However, each physical core can offer more than one hardware thread, also known as a logical core or logical processor. Microprocessors with Intel Hyper-Threading Technology (HT or HTT) offer many architectural states per physical core. For example, many microprocessors with four physical cores with HT duplicate the architectural states per physical core and offer eight hardware threads. This technique is known as simultaneous multithreading (SMT) and it uses the additional architectural states to optimize and increase the parallel execution at the microprocessor's instruction level. SMT isn't restricted to just two hardware threads per physical core; for example, you could have four hardware threads per core. This doesn't mean that each hardware thread represents a physical core. SMT can offer performance improvements for multithreaded code under certain scenarios. Subsequent chapters provide several examples of these performance improvements.

Each running program in Windows is a process. Each process creates and runs one or more threads, known as software threads to differentiate them from the previously explained hardware threads. A process has at least one thread, the main thread. An operating system scheduler shares out the available processing resources fairly between all the processes and threads it has to run. Windows scheduler assigns processing time to each software thread. When Windows scheduler runs on a multicore microprocessor, it has to assign time from a hardware thread, supported by a physical core, to each software thread that needs to run instructions. As an analogy, you can think of each hardware thread as a swim lane and a software thread as a swimmer.

Each software thread shares the private unique memory space with its parent process. However it has its own stack, registers, and a private local storage.

Windows recognizes each hardware thread as a schedulable logical processor. Each logical processor can run code for a software thread. A process that runs code in multiple software threads can take advantage of hardware threads and physical cores to run instructions in parallel. Figure 1-4 shows software threads running on hardware threads and on physical cores. Windows scheduler can decide to reassign one software thread to another hardware thread to load-balance the work done by each hardware thread. Because there are usually many other software threads waiting for processing time, load balancing will make it possible for these other threads to run their instructions by organizing the available resources. Figure 1-5 shows Windows Task Manager displaying eight hardware threads (logical cores and their workloads).

Load balancing refers to the practice of distributing work from software threads among hardware threads so that the workload is fairly shared across all the hardware threads. However, achieving perfect load balance depends on the parallelism within the application, the workload, the number of software threads, the available hardware threads, and the load-balancing policy.

Windows Task Manager and Windows Resource Monitor show the CPU usage history graphics for hardware threads. For example, if you have a microprocessor with four physical cores and eight hardware threads, these tools will display eight independent graphics.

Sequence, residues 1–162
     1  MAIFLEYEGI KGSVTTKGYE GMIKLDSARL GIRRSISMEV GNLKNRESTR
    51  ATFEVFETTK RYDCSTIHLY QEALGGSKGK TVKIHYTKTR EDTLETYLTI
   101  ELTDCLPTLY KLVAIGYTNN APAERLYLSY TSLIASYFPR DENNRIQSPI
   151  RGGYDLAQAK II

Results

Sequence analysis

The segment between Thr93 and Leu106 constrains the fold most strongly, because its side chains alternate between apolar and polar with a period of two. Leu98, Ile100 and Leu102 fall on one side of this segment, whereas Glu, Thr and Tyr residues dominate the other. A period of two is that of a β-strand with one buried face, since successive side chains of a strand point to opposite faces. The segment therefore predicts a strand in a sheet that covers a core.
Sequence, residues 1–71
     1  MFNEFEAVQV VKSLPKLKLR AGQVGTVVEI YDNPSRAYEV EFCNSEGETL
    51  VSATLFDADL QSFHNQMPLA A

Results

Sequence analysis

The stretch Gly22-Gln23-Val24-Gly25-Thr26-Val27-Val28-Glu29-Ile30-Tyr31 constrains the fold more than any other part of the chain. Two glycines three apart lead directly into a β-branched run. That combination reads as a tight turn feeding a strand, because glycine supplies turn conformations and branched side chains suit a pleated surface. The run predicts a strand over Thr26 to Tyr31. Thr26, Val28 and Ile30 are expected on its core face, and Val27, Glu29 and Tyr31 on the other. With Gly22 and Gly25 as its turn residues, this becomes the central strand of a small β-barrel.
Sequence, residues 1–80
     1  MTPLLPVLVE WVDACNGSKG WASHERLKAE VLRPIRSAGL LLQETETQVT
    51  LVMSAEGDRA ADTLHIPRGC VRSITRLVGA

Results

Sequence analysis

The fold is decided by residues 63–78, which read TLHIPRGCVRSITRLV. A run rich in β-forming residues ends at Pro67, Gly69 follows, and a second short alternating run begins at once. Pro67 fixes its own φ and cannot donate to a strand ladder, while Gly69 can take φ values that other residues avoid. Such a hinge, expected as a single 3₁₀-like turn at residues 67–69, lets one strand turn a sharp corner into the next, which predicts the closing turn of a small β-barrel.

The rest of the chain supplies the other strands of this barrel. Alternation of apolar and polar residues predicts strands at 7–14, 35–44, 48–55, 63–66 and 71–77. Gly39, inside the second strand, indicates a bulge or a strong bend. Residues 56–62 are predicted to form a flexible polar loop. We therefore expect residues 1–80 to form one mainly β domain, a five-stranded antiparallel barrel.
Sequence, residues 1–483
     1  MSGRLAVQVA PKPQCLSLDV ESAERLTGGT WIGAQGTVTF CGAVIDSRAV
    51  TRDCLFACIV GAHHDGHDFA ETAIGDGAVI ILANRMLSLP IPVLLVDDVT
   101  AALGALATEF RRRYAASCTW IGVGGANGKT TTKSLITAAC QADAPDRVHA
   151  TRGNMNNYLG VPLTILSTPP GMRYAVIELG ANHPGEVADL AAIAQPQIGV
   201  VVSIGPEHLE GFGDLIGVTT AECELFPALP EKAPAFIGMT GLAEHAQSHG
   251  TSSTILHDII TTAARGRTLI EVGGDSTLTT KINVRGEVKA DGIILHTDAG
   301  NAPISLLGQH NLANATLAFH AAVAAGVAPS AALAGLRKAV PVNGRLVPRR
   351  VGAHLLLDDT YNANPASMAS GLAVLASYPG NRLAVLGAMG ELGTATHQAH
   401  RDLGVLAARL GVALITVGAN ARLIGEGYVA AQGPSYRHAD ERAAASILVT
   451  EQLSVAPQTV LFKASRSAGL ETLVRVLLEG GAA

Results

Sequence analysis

Windows runs hundreds of software threads by assigning chunks of processing time to each available hardware thread. You can use Windows Resource Monitor to view the number of software threads for a specific process in the Overview tab. The CPU panel displays the image name for each process and the number of associated software threads in the Threads column, as shown in Figure 1-6 where the vlc.exe process has 32 software threads.

Core Parking is a Windows kernel power manager and kernel scheduler technology designed to improve the energy efficiency of multicore systems. It constantly tracks the relative workloads of every hardware thread relative to all the others and can decide to put some of them into sleep mode.

Core Parking dynamically scales the number of hardware threads that are in use based on workload. When the workload for one of the hardware threads is lower than a certain threshold value, the Core Parking algorithm will try to reduce the number of hardware threads that are in use by parking some of the hardware threads in the system. In order to make this algorithm efficient, the kernel scheduler gives preference to unparked hardware threads when it schedules software threads. The kernel scheduler will try to let the parked hardware threads become idle, and this will allow them to transition into a lower-power idle state.

Core Parking tries to intelligently schedule work between threads that are running on multiple hardware threads in the same physical core on systems with microprocessors that include HT. This scheduling decision decreases power consumption.

Windows Server 2008 R2 supports the complete Core Parking technology. However, Windows 7 also uses the Core Parking algorithm and infrastructure to balance processor performance between hardware threads with microprocessors that include HT. Figure 1-7 shows Windows Resource Monitor displaying the activity of eight hardware threads, with four of them parked.

Regardless of the number of parked hardware threads, the number of hardware threads returned by .NET Framework 4 functions will be the total number, not just the unparked ones. Core Parking technology doesn't limit the number of hardware threads available to run software threads in a process.